This is even more complicated by Ding’s close affiliation with the local Chinese government and official tourist bureau, as discussed earlier. China’s official spokesman for foreign affairs, Hua Chunying, has voiced multiple times about Ding Zhen’s widespread popularity in China. On November 29, 2020, she tweeted ” Tamdrin #DingZhen recently became a social media star after a photo of his bright, sunny and innocent smile had gone viral.” 

This is the paradox of the representation of Tibet in contemporary Chinese popular media: on one hand, there is Ding Zhen’s growing popularity and interest in Tibetan life; on the other, there is exoticization, the colonial gaze, and lingering anxiety over the sovereign status of Tibet.

Many Chinese netizens mournfully compared the popularity of Ding Zhen with the death of Lamu, a female Tibetan influencer who was brutally set on fire and murdered by her husband. Weibo hashtags calling attention to this tragic incident were however taken down, starkly contrasting to Ding’s widespread media exposure. 

“I don’t hate nor do I love Ding Zhen,” says a Weibo user. “But I am simultaneously so heartbroken to realize how Lamu has a totally different fate from Ding Zhen despite their similarities, and so happy to see Litang’s economy and living standards have blossomed because of Ding.” 

Undergirding the happy surprise of Ding’s virality is a delicate political history between Tibet and Han-dominated mainland China.

Towards New Possibility for Sino-Tibetan Cultural Exchange”

The “Ding Zhen effect” is at the intersection of debate about internet idol-making, China’s capital-driven influencer market and contemporary Tibetan culture.

“There is no doubt that any adoration of the ‘alien’ culture or exotic symbols is a projection of your one’s own desire,” says Zhang Fan, associate professor specializing in the Sino-Tibetan relationship and historical anthropology at Beijing University. “But I would not be so pessimistic like Edward Said. When people encounter cultures or ethnicities that are different from their own … imagination is inevitable. Such imagination could be genuine, or particularly harmful. We can’t pretend we are not imagining — the work that needs to be done is to admit that in our curiosity and imagination [of cultures foreign to us], there is a certain degree of distortion. And we need to reduce that distortion as much as possible.”

Conducting field-study research in Litang for years, the village where Ding Zhen comes from, Professor Zhang also mentions the modernity and cosmopolitanism that is deeply rooted in Tibetan history.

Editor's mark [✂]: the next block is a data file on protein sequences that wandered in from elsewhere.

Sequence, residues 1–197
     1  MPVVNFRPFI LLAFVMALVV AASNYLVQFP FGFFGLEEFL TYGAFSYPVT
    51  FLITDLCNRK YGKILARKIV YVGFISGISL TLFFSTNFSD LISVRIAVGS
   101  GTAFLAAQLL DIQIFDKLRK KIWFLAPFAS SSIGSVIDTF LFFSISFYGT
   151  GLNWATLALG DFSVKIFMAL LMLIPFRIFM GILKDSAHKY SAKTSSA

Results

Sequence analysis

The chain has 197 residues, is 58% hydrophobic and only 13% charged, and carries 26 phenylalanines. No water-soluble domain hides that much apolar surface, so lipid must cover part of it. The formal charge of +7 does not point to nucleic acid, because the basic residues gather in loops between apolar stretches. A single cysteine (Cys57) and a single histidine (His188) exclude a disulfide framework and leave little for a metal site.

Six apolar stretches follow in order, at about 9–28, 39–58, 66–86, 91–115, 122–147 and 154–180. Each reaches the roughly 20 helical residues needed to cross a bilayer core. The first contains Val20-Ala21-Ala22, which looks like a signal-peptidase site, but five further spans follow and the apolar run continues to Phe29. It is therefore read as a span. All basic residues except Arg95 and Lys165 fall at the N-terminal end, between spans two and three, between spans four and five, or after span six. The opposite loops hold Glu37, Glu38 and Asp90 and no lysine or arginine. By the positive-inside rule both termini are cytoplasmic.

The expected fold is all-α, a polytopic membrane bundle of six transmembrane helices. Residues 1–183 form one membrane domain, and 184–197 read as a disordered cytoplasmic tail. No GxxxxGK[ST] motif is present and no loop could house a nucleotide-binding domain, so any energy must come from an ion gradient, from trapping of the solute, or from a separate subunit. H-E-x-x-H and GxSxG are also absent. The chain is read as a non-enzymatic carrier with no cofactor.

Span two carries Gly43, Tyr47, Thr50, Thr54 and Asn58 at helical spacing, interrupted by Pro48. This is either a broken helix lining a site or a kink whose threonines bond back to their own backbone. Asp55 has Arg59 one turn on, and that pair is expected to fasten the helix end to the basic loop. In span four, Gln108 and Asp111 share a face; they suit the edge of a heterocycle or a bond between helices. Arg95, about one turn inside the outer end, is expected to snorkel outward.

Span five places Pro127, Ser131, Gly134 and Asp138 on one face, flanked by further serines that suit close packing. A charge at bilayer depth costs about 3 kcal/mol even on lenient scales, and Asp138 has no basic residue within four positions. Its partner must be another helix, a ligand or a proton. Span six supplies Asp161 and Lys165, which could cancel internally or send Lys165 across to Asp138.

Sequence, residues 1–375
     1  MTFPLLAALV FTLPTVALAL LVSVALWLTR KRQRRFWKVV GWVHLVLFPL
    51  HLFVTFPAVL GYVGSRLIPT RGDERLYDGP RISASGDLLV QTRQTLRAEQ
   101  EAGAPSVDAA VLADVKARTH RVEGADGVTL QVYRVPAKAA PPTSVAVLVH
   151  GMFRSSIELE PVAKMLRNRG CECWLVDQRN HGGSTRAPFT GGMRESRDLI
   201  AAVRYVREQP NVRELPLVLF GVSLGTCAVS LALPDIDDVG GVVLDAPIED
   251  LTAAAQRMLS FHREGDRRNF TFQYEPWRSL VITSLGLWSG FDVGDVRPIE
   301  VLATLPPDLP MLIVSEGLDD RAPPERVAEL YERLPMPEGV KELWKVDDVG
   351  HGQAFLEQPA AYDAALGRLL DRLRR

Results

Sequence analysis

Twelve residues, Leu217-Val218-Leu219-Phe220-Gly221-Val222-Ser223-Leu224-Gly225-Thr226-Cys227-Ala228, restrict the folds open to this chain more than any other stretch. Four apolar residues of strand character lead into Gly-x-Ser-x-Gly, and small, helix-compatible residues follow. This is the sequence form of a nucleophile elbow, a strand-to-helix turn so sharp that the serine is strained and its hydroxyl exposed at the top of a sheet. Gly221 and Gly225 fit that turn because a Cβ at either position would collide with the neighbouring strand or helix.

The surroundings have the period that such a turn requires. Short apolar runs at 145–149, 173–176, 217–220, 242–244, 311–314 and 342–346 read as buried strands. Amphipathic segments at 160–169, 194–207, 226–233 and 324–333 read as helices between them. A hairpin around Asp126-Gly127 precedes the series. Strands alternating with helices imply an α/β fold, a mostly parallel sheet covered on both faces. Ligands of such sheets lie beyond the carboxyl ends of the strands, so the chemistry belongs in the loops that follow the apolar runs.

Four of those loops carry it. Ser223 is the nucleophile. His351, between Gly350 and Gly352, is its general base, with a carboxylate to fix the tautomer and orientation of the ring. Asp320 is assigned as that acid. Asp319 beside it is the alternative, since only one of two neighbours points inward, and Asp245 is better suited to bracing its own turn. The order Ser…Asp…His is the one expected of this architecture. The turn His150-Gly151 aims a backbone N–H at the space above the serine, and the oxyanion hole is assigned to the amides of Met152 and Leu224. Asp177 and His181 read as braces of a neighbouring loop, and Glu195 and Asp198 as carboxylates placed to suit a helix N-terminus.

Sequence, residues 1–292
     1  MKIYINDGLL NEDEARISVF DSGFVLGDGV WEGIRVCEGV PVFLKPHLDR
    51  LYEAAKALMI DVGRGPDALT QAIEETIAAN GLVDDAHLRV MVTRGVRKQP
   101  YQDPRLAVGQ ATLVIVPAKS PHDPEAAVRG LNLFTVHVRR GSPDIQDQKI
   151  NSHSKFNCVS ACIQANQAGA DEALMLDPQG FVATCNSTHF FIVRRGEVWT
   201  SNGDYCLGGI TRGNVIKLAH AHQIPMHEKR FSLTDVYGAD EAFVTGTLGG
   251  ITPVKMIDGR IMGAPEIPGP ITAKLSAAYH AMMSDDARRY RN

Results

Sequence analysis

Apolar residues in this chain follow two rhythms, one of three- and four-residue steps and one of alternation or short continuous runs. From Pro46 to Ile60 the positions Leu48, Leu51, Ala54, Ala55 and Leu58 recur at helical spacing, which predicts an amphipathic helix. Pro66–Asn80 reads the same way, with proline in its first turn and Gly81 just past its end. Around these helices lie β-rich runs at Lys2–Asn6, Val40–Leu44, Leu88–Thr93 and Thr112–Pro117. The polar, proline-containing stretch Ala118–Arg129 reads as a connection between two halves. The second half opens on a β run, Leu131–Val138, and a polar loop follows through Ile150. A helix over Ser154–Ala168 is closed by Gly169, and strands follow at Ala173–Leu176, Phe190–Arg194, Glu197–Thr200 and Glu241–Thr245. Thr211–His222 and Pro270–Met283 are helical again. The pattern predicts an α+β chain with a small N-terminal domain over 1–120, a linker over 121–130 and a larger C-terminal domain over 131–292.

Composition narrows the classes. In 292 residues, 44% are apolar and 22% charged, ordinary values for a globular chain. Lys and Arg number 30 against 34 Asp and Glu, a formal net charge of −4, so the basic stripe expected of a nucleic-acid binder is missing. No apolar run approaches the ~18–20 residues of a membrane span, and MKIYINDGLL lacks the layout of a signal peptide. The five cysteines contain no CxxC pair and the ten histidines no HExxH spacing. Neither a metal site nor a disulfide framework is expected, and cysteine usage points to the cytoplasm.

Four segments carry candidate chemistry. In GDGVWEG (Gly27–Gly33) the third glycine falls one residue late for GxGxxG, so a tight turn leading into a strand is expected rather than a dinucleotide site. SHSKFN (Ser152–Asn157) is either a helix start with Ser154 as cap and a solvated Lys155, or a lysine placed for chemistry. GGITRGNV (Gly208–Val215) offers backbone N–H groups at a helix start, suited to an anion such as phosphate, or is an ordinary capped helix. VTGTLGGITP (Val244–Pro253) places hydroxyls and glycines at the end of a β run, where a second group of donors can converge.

“Tibetan culture is now a global phenomenon,” Zhang says. “If you look at China, the intercultural exchange between Tibet and inland China started very early. There was a Princess Wencheng temple (文成公主塔) here at Litang. … My doctoral dissertation focuses on how during the reign of Emperor Qianlong in the 18th Century, the Chinese imperial palace was turned into a Tibetan Buddhist temple. There were tens of Tibetan Buddhist temples and thousands of Tibetan monks in Beijing at that historical moment.”

Indeed, in this increasingly digitized social media age, the “Ding Zhen” effect could be viewed as a means by which to continue this Sino-Tibetan exchange, or even as a conduit to discovering new possibilities of cultural exchange between Tibet and inland China.

According to statistics, the number of searches for Litang through China’s biggest travel agency Ctrip had skyrocketed by 620 percent since Ding Zhen first went viral. What came with Ding Zhen’s sweeping popularity on Chinese social media was a flourishing of Litang’s local economy.

“Before Ding Zhen went viral, perhaps no one knew where Litang was, no one knew what Ganzi was, and no one knew what was going on with Khampa,” says Professor Zhang. “Now everyone knows at least one aspect of it. This aspect may be distorted, overgeneralized, or narrow, but it will also inspire at least the desire of a small group of people to truly understand it, and do something for it. I am still more optimistic about the potential Ding Zhen can bring to Tibet as a whole.”

Cover photo: Still taken from this Youtube video